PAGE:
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My experience Wednesday in SF
It’s pouring rain.
I take the Bart to Fidi. Everybody on the train is wearing a mask. As we roll to a stop at Embarcadero, the train loses power. We wait “for the generator to come on so we can open the doors.”
Finally outside, I pass 10 people on the three-block walk to 345 California. Half are “our unhoused friends.”
The Cafe-X coffee robot tent at the corner of Pine is no longer there. Somebody is bundled up, sleeping in its place.
I roll into Industrious at 9:15am. All of the bagels from the breakfast spread are gone. This isn’t San Francisco’s fault! Although since most private offices are empty, I’m not sure how I missed the rush.
I get some third wave drip coffee and begin my morning scroll.
I learn Facebook is laying off 13% of their employees. Just down Market Street, Twitter is embroiled in an internal war - payroll, servers, and debt payments all competing over declining ad revenue.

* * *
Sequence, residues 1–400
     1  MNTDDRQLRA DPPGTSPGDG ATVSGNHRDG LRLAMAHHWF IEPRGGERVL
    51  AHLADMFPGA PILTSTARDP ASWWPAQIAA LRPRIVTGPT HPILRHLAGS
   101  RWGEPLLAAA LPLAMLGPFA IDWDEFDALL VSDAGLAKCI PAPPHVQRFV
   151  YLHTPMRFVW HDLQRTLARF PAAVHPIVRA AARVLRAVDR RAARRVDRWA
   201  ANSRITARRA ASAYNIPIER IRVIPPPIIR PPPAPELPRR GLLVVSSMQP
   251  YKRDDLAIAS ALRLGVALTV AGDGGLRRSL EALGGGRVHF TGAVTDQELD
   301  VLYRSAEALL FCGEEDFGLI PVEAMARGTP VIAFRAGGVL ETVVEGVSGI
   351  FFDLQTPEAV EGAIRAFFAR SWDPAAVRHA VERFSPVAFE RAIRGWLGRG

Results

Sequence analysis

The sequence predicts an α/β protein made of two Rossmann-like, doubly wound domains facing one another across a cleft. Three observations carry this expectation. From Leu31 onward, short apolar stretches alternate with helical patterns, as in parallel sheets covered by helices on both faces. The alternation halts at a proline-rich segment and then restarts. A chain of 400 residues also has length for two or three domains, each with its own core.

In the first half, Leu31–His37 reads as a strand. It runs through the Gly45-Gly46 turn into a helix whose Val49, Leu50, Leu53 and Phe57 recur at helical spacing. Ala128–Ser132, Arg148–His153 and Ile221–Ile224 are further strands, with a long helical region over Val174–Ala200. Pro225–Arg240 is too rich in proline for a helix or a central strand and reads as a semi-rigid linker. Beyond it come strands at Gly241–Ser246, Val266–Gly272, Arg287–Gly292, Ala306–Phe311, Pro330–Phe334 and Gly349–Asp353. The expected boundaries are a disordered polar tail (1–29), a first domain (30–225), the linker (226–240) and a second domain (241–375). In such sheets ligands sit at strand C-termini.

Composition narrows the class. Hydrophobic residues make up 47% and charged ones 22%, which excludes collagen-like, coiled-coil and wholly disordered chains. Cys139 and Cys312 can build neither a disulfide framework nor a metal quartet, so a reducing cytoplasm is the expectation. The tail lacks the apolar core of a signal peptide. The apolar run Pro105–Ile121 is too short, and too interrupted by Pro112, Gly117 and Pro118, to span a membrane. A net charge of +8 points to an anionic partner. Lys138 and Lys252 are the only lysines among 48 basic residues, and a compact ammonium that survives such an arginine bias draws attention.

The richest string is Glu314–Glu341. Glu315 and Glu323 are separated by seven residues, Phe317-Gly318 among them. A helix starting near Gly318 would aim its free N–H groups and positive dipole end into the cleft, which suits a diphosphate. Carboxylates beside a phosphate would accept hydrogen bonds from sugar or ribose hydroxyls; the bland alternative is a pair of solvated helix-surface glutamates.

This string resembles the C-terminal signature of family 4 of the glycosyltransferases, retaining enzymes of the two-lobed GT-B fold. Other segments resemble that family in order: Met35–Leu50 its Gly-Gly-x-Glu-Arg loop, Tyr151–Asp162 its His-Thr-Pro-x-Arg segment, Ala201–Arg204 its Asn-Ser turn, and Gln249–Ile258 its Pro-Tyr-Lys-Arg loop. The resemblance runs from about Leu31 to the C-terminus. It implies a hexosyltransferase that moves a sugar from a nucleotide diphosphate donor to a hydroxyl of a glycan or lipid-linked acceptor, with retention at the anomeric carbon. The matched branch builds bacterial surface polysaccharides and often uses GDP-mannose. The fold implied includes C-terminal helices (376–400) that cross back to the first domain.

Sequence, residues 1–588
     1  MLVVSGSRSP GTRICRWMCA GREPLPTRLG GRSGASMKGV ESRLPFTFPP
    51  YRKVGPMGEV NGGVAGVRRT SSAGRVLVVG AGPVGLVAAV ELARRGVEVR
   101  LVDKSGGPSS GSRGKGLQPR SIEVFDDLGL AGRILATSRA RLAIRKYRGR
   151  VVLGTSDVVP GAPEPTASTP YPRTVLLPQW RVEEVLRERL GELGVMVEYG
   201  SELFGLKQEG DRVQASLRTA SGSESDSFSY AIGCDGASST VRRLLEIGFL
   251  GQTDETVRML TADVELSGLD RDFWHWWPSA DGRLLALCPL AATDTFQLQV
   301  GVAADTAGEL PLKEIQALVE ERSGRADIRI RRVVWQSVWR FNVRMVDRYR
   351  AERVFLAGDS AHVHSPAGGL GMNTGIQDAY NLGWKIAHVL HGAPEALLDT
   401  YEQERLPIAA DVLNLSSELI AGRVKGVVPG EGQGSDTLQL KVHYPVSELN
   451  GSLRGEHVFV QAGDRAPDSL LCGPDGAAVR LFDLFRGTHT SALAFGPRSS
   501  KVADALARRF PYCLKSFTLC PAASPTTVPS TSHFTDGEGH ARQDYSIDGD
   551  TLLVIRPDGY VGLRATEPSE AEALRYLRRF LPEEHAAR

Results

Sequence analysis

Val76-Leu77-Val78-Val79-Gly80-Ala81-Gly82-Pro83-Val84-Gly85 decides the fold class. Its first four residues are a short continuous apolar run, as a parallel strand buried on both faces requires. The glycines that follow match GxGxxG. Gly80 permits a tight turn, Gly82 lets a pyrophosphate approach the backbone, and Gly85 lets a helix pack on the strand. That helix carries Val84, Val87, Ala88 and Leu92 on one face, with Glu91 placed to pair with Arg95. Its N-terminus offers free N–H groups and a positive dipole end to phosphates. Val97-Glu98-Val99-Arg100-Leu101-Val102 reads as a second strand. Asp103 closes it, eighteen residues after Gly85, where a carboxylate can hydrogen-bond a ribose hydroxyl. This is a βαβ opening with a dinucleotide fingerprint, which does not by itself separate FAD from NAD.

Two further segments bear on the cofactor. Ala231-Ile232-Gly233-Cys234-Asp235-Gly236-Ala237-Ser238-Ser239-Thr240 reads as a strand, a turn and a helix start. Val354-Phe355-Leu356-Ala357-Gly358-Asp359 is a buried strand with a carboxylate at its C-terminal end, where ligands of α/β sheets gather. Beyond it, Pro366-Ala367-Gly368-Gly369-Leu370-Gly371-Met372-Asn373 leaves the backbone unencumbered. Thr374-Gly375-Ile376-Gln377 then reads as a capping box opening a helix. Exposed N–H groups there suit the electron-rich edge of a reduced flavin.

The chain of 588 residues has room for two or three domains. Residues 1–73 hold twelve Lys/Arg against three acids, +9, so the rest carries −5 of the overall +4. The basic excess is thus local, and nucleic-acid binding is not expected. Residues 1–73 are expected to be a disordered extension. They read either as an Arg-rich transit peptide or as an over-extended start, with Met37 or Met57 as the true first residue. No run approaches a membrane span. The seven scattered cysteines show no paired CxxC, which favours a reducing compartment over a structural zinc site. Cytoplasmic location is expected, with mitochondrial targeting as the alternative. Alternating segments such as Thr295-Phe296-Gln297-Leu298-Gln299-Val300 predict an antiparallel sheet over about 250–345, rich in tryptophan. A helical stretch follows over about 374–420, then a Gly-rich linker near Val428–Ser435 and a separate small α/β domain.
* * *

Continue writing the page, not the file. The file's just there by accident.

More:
Worst of all, it turns out the guy with the curly hair plastered on every billboard around town is a total scam who rug pulled every FTX customer, creating an $8 billion hole in his balance sheet and sending crypto into a free fall. Bitcoin is down to $14k, not far off its price when I left San Francisco in August of 2020.
I take a Lyft to dinner. We get stuck behind two ambulances on Polk. As we idle, watching a woman get loaded onto a stretcher, I realize nine years ago I was picked up for my first-ever Lyft ride just a block away. I tell my driver about this personal history, about how magical it felt to order a car at the push of a button, how a Honda Accord adorned with a pink mustache pulled up to the curb, how I donated the suggested $8 to be driven to a bar near
AT&T Oracle Park.
He asks me how much Lyft is charging me for this ride. $22.50.
He grunts. They quoted me $9.
I get to the bar where I’m meeting two of our investors. One has just come from a CEO roundtable. He decides not to drink because he has to “wake up early now.” Everybody is planning layoffs, he explains. People are burning millions a month. Capital markets don’t exist. I don’t think half of these people are going to have businesses in a year.
A couple hours later, I schlep back to Oakland. Lyft quotes me $0.50 more than Uber, so I flip a mental coin and go for the Uber. Boy does my gamble pay off. I’m matched with a Model 3.
In bed by 12:30, awake four hours later, and hungover from my three glasses of wine, it’s time to catch my Delta Main Cabin 5.5 hour flight back to NYC.